Then create a gradle task that grants permissions to the app before running the tests:



// Grant animation permissions to avoid test failure because of ui sync.
task grantAnimationPermissions(type: Exec, dependsOn: 'installMock') {
    group = 'test'
    description = 'Grant permissions for testing.'

    def absolutePath = file('..') // Get project absolute path
    commandLine "$absolutePath/set_animation_permissions.sh org.bookdash.android".split(" ")
}

// Source: http://stackoverflow.com/q/29908110/112705
afterEvaluate {
    tasks.each { task ->
        if (task.name.startsWith('assembleMockAndroidTest')) {
            task.dependsOn grantAnimationPermissions
        }
    }
}

The set_animation_permissions.sh bash script calls adb shell to grant permissions to the attached devices for the animations:



#!/bin/bash
#
# source https://github.com/zielmicha/adb-wrapper
#
# argument: apk package
# Set permission android.permission.SET_ANIMATION_SCALE for each device.
# ex: sh set_animation_permissions.sh 
#

adb=$ANDROID_HOME/platform-tools/adb
package=$1

if [ "$#" = 0 ]; then
    echo "No parameters found, run with sh set_animation_permissions.sh "
    exit 0
fi

# get all the devices
devices=$($adb devices | grep -v 'List of devices' | cut -f1 | grep '.')

for device in $devices; do
    echo "Setting permissions to device" $device "for package" $package
    $adb -s $device shell pm grant $package android.permission.SET_ANIMATION_SCALE
done

Now we should have fixed issues #1,#2, #3, #4. Whew!


Back to Circle CI config:


First the Instrumentation tests will be run, then the unit tests will be run:



./gradlew connectedAndroidTest
./gradlew test

Finally, we archive the results of the tests that ran. These will then be available for download later. We archive the results by recursively copying the files into the $CIRCLE_TEST_REPORTS folder.



cp -r app/build/outputs/androidTest-results/ $CIRCLE_TEST_REPORTS
cp -r app/build/test-results/mockDebug/ $CIRCLE_TEST_REPORTS

The best part about a CI tool like this? The awesome badge that you can put on your site to show your build is passing or failing:


3. Setting up Code Coverage Reports on Circle CI

What is Code Coverage? It is a measure used to describe the degree to which the source code of a program is tested by a particular test suite, it can reveal areas of the code that do not have tests and possibly uncover bugs.


In order to get a code coverage report of your androidTest folder, add the following to your app/build.gradle :



buildTypes {
    debug {
        // Run code coverage reports by default on debug builds.
        testCoverageEnabled = true
    }
}

Then run the following command:



./gradlew createMockDebugCoverageReport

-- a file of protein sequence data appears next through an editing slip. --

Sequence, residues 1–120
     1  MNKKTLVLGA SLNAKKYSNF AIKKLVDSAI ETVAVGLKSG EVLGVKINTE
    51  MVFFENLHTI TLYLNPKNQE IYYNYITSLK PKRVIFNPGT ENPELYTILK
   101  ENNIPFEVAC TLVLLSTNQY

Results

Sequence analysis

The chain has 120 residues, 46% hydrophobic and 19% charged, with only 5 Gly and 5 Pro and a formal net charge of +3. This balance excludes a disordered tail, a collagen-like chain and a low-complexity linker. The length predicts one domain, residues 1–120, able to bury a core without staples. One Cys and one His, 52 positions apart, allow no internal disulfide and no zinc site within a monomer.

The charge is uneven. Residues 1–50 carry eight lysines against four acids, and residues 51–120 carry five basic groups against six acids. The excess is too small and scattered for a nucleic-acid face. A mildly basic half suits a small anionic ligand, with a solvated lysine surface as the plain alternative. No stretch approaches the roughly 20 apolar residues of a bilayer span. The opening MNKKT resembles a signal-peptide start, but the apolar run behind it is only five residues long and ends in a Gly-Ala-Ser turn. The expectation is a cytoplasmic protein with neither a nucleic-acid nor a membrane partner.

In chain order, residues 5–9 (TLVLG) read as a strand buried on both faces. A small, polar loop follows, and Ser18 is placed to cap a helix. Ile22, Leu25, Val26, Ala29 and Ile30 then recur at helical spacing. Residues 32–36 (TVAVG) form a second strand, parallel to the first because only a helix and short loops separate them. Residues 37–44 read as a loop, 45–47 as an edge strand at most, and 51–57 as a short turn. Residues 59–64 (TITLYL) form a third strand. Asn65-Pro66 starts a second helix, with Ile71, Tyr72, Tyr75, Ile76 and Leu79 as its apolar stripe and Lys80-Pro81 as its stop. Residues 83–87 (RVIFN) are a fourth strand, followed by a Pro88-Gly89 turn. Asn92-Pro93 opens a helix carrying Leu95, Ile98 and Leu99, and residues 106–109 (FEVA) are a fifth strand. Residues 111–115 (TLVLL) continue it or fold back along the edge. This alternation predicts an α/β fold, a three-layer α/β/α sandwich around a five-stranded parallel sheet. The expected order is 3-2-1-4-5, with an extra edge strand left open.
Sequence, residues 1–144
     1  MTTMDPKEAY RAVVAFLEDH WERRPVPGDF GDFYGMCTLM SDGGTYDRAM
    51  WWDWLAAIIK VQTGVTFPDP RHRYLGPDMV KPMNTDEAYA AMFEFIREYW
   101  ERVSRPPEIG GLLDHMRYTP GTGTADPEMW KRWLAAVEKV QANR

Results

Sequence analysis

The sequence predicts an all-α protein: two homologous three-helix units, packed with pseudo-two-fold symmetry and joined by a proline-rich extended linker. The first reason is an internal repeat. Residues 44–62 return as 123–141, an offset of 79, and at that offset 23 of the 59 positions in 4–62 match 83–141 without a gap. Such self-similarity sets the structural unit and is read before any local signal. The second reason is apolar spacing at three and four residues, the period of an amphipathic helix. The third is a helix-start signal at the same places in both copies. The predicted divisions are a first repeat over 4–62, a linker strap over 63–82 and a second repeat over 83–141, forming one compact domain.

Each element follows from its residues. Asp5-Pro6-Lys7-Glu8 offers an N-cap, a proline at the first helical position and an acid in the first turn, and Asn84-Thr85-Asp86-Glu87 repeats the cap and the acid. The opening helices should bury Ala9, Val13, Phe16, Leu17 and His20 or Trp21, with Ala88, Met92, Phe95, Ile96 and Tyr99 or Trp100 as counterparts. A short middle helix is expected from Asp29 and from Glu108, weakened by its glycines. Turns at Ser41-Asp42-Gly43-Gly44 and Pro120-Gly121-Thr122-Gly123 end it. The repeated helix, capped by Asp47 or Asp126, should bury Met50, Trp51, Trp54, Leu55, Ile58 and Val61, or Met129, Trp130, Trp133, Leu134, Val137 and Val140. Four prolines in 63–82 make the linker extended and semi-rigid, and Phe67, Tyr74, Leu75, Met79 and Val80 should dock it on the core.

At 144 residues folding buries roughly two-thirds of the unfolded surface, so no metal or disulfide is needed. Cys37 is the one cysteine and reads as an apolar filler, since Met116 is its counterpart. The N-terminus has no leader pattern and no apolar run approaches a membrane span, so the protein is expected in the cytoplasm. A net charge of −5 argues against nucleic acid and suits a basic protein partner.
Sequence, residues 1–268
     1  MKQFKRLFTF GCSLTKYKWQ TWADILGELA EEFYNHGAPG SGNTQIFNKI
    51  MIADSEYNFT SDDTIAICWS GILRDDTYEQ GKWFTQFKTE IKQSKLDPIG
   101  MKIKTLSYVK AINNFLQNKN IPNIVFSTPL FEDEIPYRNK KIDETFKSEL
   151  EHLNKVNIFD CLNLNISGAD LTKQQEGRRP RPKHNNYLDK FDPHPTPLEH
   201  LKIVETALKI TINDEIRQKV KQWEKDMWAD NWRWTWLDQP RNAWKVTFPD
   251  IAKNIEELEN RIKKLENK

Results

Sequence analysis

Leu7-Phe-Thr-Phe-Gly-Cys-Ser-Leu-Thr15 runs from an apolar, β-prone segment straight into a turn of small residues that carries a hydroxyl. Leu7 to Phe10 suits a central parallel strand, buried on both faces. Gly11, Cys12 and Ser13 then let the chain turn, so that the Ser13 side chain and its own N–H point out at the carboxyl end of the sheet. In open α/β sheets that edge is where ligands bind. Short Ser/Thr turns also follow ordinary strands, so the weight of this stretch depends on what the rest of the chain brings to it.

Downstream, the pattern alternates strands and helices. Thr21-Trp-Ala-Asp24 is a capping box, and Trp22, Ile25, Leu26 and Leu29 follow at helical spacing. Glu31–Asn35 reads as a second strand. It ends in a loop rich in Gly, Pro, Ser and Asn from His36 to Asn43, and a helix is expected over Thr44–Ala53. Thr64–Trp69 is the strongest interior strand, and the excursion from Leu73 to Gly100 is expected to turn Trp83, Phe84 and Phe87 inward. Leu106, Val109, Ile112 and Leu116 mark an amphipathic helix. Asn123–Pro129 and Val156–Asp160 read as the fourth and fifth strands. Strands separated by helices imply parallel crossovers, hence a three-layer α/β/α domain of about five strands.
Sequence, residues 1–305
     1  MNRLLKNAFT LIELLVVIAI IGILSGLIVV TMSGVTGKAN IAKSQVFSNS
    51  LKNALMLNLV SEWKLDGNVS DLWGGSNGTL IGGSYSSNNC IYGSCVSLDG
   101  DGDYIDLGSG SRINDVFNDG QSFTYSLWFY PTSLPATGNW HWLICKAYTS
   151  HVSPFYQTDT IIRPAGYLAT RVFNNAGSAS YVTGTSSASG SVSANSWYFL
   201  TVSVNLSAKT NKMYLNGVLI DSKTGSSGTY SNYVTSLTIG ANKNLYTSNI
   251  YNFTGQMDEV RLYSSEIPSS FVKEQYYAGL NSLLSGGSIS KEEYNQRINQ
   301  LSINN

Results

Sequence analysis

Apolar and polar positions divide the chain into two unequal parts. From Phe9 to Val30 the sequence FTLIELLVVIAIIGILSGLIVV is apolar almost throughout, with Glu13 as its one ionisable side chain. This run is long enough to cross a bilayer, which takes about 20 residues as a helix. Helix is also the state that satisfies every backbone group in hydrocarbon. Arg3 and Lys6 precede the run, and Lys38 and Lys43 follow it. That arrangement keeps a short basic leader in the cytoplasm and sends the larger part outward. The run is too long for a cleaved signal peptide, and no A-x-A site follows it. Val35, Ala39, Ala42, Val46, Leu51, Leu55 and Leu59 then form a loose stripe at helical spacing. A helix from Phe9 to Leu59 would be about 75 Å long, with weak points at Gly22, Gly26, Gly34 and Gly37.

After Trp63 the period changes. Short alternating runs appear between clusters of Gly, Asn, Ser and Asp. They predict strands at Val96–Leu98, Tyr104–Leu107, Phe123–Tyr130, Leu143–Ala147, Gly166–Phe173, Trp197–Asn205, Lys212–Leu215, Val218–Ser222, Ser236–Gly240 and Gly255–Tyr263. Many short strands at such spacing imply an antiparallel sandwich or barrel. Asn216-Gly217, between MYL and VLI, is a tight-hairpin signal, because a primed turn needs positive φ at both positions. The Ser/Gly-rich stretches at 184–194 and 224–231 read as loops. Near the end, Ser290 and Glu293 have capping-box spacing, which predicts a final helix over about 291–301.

This will run the test and get a coverage report. Then we should archive the results in Circle CI by doing the following:



 - cp -r app/build/reports/coverage/ $CIRCLE_TEST_REPORTS

You will then be able to see files like this being produced from your build server:



Final Circle CI Configuration:

machine:
   environment:
     ANDROID_HOME: /usr/local/android-sdk-linux

dependencies:
  pre:
    - touch app/google-services.json
    - echo $GOOGLE_SERVICES_JSON > app/google-services.json
    - echo y | android update sdk --no-ui --all --filter "tools,platform-tools,android-23"
    - echo y | android update sdk --no-ui --all --filter "build-tools-23.0.2"

test:
  pre:
    - android list targets
    - android create avd -n emulatorwithgoogleapi22 -t 12 --tag google_apis
    - echo 'vm.heapSize=512' >> ~/.android/avd/emulatorwithgoogleapi22.ini
    - echo 'hw.ramSize=1024' >> ~/.android/avd/emulatorwithgoogleapi22.ini
    - cat ~/.android/avd/emulatorwithgoogleapi22.ini
    - emulator -avd emulatorwithgoogleapi22 -no-audio -no-window :
        background: true
        parallel: true
    - circle-android wait-for-boot
    - adb shell input keyevent 82
    - adb shell svc power stayon true
    - adb shell settings put global window_animation_scale 0
    - adb shell settings put global transition_animation_scale 0
    - adb shell settings put global animator_duration_scale 0

  override:
    - ./gradlew createMockDebugCoverageReport
    - ./gradlew test

  post:
    - cp -r app/build/outputs $CIRCLE_ARTIFACTS
    - cp -r app/build/outputs/androidTest-results/ $CIRCLE_TEST_REPORTS
    - cp -r app/build/reports/coverage/ $CIRCLE_TEST_REPORTS
    - cp -r app/build/test-results/mockDebug/ $CIRCLE_TEST_REPORTS

If you want to see this project in action, checkout Book Dash Android App on GitHub and on Circle CI.


Next time we will look at more coverage reports for the unit tests and uploading an APK to the Google Play Store via Circle CI.


What CI do you use? What problems have you faced with running CI for your Android project? Let me know in the comments below!


Links: